Jones goes on: “I think the solution for Australia is relatively straightforward: invest in the clubs, get the right domestic provincial competition, whether that be three or four teams, find a way of how you pay for that through television and you’ll have a strong national team.”
Dijana Djokovic on her son, Novak: “Wimbledon was the most difficult last year. When Federer had two match points, I grabbed my cross … I am a believer … I said to myself: ‘Nole, you can do it, you’ve done it twice, you can do it again.’ And he did it. He was saved by God. Novak also believes in God, he feels chosen.” Easy. Eaaaasy, I say! It’s all right. I am holding it in.
Michael Cheika on Alan Jones: “Even though he has been a hard marker of rugby in Australia over recent times, like many, it’s only because he wants our gold jersey to be looked upon as the gold standard in how the game is run and played.” Either that, Michael, or it was because Jones always wants to push his inevitable tight circle of his acolytes, and gets furious when denied?
Mick Malthouse takes the yellow jersey in TFF’s annual Mixed Metaphor comp: “I’ve been called a ‘dinosaur’ before, that’s water off a duck’s back.”
Shane Warne on the baggy green cult: “I loved playing cricket for Australia, and I didn’t need to wear that cap or have that verbal diarrhoea about it, I just enjoyed playing cricket for Australia. I always felt that if I wore a white floppy hat or wore my baggy green cap it meant exactly the same, I was playing for Australia.” Goodness!
Team of the Week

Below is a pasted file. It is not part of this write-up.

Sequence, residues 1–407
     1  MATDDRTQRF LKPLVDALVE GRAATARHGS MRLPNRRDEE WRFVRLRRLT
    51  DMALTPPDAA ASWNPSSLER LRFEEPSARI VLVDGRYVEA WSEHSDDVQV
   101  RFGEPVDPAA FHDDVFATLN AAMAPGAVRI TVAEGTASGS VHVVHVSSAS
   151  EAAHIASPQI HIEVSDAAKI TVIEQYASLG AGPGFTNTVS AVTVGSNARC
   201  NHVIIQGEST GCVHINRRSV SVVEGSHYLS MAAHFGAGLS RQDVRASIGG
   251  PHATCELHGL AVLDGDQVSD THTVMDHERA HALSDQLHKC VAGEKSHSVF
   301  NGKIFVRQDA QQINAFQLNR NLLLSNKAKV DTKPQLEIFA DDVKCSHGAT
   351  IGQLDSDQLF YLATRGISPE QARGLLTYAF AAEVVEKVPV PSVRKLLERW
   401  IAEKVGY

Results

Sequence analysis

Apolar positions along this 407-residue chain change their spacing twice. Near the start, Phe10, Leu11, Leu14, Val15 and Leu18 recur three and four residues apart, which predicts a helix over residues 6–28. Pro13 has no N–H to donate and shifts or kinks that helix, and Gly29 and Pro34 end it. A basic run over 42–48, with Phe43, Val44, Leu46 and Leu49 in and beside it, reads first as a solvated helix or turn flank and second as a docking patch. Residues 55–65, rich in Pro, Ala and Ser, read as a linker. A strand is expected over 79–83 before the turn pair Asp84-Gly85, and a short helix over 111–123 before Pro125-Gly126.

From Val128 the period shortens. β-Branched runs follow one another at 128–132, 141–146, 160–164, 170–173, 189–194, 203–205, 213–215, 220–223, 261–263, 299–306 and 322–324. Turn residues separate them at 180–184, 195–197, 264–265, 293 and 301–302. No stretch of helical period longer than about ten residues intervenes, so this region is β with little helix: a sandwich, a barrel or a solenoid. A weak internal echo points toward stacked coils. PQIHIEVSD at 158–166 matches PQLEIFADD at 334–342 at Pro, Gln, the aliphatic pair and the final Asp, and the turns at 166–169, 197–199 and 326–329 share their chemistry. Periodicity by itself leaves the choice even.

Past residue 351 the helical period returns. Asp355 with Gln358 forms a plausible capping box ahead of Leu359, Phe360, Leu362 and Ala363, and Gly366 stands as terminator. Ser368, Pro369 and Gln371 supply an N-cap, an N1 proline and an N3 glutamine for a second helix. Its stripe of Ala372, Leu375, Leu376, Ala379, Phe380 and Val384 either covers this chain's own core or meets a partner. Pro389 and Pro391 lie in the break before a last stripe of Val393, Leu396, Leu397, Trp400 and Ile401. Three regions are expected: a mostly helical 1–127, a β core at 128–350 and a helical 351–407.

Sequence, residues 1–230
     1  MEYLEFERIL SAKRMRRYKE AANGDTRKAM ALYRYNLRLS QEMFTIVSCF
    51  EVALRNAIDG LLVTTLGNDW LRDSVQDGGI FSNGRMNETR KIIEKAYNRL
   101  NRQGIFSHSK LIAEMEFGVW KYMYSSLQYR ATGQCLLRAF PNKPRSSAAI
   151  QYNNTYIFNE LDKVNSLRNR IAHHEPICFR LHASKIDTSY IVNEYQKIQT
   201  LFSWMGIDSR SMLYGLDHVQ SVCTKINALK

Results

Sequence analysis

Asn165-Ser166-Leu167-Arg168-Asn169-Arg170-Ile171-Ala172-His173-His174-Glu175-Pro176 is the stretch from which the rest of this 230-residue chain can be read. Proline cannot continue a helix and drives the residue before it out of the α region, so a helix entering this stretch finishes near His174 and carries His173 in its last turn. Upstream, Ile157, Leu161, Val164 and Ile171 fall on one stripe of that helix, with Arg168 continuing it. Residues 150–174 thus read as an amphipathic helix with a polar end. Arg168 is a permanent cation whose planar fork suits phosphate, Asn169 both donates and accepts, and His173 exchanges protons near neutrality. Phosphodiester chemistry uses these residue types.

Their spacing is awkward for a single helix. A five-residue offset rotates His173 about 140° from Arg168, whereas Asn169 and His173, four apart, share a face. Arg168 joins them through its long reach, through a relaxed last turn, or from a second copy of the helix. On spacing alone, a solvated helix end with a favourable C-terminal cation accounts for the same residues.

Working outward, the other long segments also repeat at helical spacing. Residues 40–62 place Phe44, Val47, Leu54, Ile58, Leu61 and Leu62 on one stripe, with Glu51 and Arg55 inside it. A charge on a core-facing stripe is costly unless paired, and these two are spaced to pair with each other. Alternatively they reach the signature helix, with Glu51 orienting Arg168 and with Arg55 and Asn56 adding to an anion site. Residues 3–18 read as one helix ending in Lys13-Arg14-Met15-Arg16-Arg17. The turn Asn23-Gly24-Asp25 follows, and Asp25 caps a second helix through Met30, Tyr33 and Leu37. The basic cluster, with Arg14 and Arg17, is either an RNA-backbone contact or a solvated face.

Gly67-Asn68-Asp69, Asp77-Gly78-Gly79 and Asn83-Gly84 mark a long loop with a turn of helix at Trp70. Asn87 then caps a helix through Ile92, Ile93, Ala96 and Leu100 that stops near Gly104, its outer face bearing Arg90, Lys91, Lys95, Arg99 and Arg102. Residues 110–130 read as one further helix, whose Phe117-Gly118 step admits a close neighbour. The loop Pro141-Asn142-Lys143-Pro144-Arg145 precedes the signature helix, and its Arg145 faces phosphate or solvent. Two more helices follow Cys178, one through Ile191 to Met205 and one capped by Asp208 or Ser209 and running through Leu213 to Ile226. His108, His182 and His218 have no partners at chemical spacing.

Peter V’landys. Whatever you think of him and his decisions, he’s giving the Shane Warne from back in the day, a run for his money in generating headlines.
Daniel Ricciardo. When the Formula One music stops, may be sitting on a McLaren chair. Be still my beating heart.
John Coates. Got through a far less controversial AOC AGM.
Out of Isolation. I am told it ran a gallant second on debut in the first race at Caulfield last Saturday afternoon, while Viral won again in the very next race. Methinks that might be a message for some overly eager people & pollies.
Agustin Pichot. The Argentine handed back his blazer, resigning from his role on the World Rugby Council, after being narrowly defeated for the role of chairman by Sir Bill Beaumont.
Mrs Audrey Coupe. This lady from Waverley College Junior School has been the mainstay volunteer of the Australian Schools Rugby Union for over three decades, booking venues, taking minutes, making travel arrangements, writing letters, sorting points tables … the lot. Upon announcing her retirement she has just been made a life member. Well done, oh good and faithful servant of the game.
RIP Mary Pratt. Believed to be the last surviving member of the Rockford Peaches died age 101. The Rockford Peaches were part of the All-American Girls Professional Baseball League. The league was immortalised in the 1992 film A League of their Own. Put away your handkerchiefs, however. As you’ll recall, “There’s no crying in baseball.”
Peter FitzSimons is a journalist and columnist with The Sydney Morning Herald.